Adding a timeframe to your message by saying “today” or “before taxes come due” can remind shoppers that time isn’t unlimited. You also can agitate the ad viewer by presenting something they love alongside something they hate while positioning your brand to give them more of one and less of the other.
4. Hone in on search intent and specific queries
All the persuasive tactics in the world won’t help if you don’t match search intent. You can craft the best headline and spend hours creating the perfect copy. But, if your in-their-face “buy now” advert pops up when viewers search for a do-it-yourself trick, your misguided ad will either get ignored, or worse: aggravated shoppers will note you as a company not to do business with.
There’s definitely a science behind writing data-driven display ad copy. For example, pricing is a real motivator with some products. Including a figure in your headline or body copy can increase conversions. However, it can have the opposite effect in other instances.
So dig into why people are using specific keywords to search and learn what results they expect to pop up. Then write some ad copy that satisfies search queries and matches their intent.
5. Obsess over your display ad headline
Your headline is the first and sometimes only thing people see and pay attention to. Make it clear and compelling, and rework it many times before settling on the final copy. In some cases, adding your value proposition to the headline can drive click-throughs.
For instance, if you sell jeans for tall women, feel free to say “over 50 tall styles” to differentiate your business from the other ads saying the same thing — “If you need tall jeans, our brand sells them.” You can also test the use of negative words in your headline to agitate or evoke emotion, such as avoid, stop, never, or worst.
6. Write display ads for people, not just for search engines
You’ve researched your target audience. You understand their problem. Now write your display ad directly to them, and be sure to use “you” or “your” in the copy. Reference their fears or objections, and position your brand as the ultimate solution to their issue. Use your words to help people visualize the benefit of clicking on your ad right now.
Additionally, you can use your copy to qualify buyers and get more clicks from your target audience. For example, if you sell audiobooks for kids and want to promote your latest toddler book, start with a line saying, “Are you a parent with a toddler who refuses to sleep?”
7. Perfect your call-to-action (CTA)
Like your headline, your CTA and the text on the CTA button are extremely important. Everyone feels tired and decision-fatigued. Tell them what to do next, and if your copy already attracted their attention, then there’s a good chance they’ll follow along to the next step.
Your CTA should match exactly what the person will do when they arrive on your landing page, so it’s vital to use your display ad copy and CTA to tell them what comes next. Most CTA buttons use a short one to three-word CTA, such as:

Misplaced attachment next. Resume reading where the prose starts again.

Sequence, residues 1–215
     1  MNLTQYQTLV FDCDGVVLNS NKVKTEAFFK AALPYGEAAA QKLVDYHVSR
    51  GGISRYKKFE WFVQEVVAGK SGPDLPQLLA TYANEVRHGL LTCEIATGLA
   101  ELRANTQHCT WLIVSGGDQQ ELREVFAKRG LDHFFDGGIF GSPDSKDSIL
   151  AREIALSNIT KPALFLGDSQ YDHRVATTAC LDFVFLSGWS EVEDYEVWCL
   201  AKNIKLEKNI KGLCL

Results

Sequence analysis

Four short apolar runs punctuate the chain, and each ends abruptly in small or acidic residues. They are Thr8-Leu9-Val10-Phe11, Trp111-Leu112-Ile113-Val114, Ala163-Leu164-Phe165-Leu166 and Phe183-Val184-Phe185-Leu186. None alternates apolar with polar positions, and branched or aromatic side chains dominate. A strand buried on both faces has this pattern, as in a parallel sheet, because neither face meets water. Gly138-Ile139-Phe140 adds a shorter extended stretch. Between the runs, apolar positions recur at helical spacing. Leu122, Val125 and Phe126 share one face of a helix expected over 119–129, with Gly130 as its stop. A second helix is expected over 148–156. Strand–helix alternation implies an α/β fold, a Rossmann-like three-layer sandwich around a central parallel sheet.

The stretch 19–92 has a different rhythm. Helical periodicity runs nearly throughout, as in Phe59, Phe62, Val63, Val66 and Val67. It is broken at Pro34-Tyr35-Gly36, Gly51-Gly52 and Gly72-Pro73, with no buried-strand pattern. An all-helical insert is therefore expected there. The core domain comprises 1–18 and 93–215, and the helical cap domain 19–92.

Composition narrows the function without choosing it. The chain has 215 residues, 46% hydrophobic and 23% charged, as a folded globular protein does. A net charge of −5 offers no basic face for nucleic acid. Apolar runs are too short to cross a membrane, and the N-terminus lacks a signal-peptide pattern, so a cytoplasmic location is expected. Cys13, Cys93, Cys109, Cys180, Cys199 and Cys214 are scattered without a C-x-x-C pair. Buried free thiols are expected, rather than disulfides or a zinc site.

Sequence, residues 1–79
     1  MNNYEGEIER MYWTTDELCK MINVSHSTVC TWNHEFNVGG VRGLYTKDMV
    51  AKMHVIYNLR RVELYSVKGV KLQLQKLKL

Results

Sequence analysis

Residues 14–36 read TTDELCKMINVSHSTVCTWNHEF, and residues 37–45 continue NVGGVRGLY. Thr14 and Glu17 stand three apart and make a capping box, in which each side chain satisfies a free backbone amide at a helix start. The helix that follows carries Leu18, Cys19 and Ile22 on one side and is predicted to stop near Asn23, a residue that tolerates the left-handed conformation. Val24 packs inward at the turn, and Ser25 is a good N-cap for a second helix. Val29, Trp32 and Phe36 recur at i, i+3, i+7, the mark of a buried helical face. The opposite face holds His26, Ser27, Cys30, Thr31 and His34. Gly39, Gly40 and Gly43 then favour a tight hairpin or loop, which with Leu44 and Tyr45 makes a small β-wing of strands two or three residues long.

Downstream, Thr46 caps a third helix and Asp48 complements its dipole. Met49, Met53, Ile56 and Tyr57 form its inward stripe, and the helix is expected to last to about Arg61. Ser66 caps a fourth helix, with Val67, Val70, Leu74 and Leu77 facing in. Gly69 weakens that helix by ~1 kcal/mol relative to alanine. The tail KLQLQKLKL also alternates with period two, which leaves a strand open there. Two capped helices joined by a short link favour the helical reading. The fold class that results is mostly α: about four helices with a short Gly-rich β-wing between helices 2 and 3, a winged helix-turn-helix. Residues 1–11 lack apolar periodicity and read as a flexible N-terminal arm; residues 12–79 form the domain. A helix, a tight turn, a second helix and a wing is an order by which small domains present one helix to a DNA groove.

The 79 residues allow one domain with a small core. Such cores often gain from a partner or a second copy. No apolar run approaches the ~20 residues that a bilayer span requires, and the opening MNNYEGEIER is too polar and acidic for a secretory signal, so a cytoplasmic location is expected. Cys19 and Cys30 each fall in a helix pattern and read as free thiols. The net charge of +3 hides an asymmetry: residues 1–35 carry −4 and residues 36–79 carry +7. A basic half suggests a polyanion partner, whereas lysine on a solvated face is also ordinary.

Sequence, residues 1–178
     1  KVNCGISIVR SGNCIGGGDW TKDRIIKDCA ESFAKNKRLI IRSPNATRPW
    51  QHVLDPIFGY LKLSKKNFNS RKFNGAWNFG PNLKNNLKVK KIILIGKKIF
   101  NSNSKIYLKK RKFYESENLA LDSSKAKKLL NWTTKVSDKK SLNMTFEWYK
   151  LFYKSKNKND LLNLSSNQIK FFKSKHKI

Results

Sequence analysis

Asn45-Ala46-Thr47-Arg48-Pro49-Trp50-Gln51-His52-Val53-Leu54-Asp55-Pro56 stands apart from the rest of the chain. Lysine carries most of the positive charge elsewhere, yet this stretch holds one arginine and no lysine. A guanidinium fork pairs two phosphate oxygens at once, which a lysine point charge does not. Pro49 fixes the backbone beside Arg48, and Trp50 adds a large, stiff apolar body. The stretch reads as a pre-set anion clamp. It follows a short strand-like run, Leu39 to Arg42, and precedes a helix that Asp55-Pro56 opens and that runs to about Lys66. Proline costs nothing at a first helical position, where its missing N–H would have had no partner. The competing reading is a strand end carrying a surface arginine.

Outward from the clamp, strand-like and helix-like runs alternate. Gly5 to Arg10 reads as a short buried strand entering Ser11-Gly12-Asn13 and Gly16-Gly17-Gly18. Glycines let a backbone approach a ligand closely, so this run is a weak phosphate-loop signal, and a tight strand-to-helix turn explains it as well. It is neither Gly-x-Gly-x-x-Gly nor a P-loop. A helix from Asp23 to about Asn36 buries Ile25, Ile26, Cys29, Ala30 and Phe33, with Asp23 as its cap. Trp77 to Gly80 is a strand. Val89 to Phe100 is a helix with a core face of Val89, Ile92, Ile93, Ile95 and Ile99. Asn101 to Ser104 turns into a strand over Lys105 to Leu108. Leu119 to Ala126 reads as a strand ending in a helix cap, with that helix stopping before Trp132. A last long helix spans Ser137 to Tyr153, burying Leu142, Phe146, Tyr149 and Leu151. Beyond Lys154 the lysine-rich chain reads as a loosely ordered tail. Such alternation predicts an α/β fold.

- Get started
- Sign up
- Try it free
- Shop now
- Learn More
8. Perform A/B testing
No first draft of anything is perfect, let alone the first trial of a display ad. It’s best to create two versions of the same ads with varying copy, tweaks to design elements, and
Lastly, don’t assume your digital ad copy is the best it can be. A/B tests are crucial to achieving a high click-through rate (CTR) and improving ROI. Marketing during a recession or slow time is rough, so get the most of your ads by testing them.
A singular word change to your headline or CTA can have drastic results, so create two versions of your ad and see which one performs better. Then, keep creating, testing, and reworking.
Frequently asked questions about display ads
How do you measure the success of a display ad campaign?
Everything on the internet produces a lot of data, and display ads are no exception. There are lots of different ways to look at the metrics, and each way you slice them will offer different insights into the effectiveness of your ad campaign. Knowing the total number of impressions (i.e. people who at least saw your ad) will help you determine your rates of engagement. Your click-through-rate (CTR) will offer insight into how many people were at least compelled to take some action by your ad, but you’ll want to track the cost-per-conversion (CPC) to determine just how many people went from viewing your ad to performing the action you wanted.
When should I use display ads?
Display ads are important for establishing brand awareness and consistency. While this varies depending on the business you’re in, customers typically take some time between learning your business exists and patronizing it. Display ads are like digital billboards: before customers ever even click on your ads, they establish your presence. Customers gain awareness on the margins — enough so that when they do start thinking about buying that product or subscribing to that service, you’re there at the front of the pack: a known entity that they’ve encountered before that they’re willing to try out.
How much should I budget for display ads?
It’s hard to provide a general answer here because amounts will vary greatly depending on the business you’re in, the size of your audience and the difficulty of reaching them, your marketing goals, etc. Working with an agency will help you get a clear sense of what your goals should be ahead of time.
Make your display ad copy shine
Words are hard, but they’re the bread and butter of a solid display ad campaign. While they help mold perceptions and drive conversion, a successful campaign is driven by empathetic copy, sleek design, and a connection made between brand and user.
Understanding your target market, using display ad copy best practices, and testing your ad can help you build an enticing ad campaign.
If you’re unsure about effective display ad writing, reach out to our digital marketing team. We’re happy to help you explore ways to get the best return on your investment. Contact us to chat about copywriting for your short or long-term needs.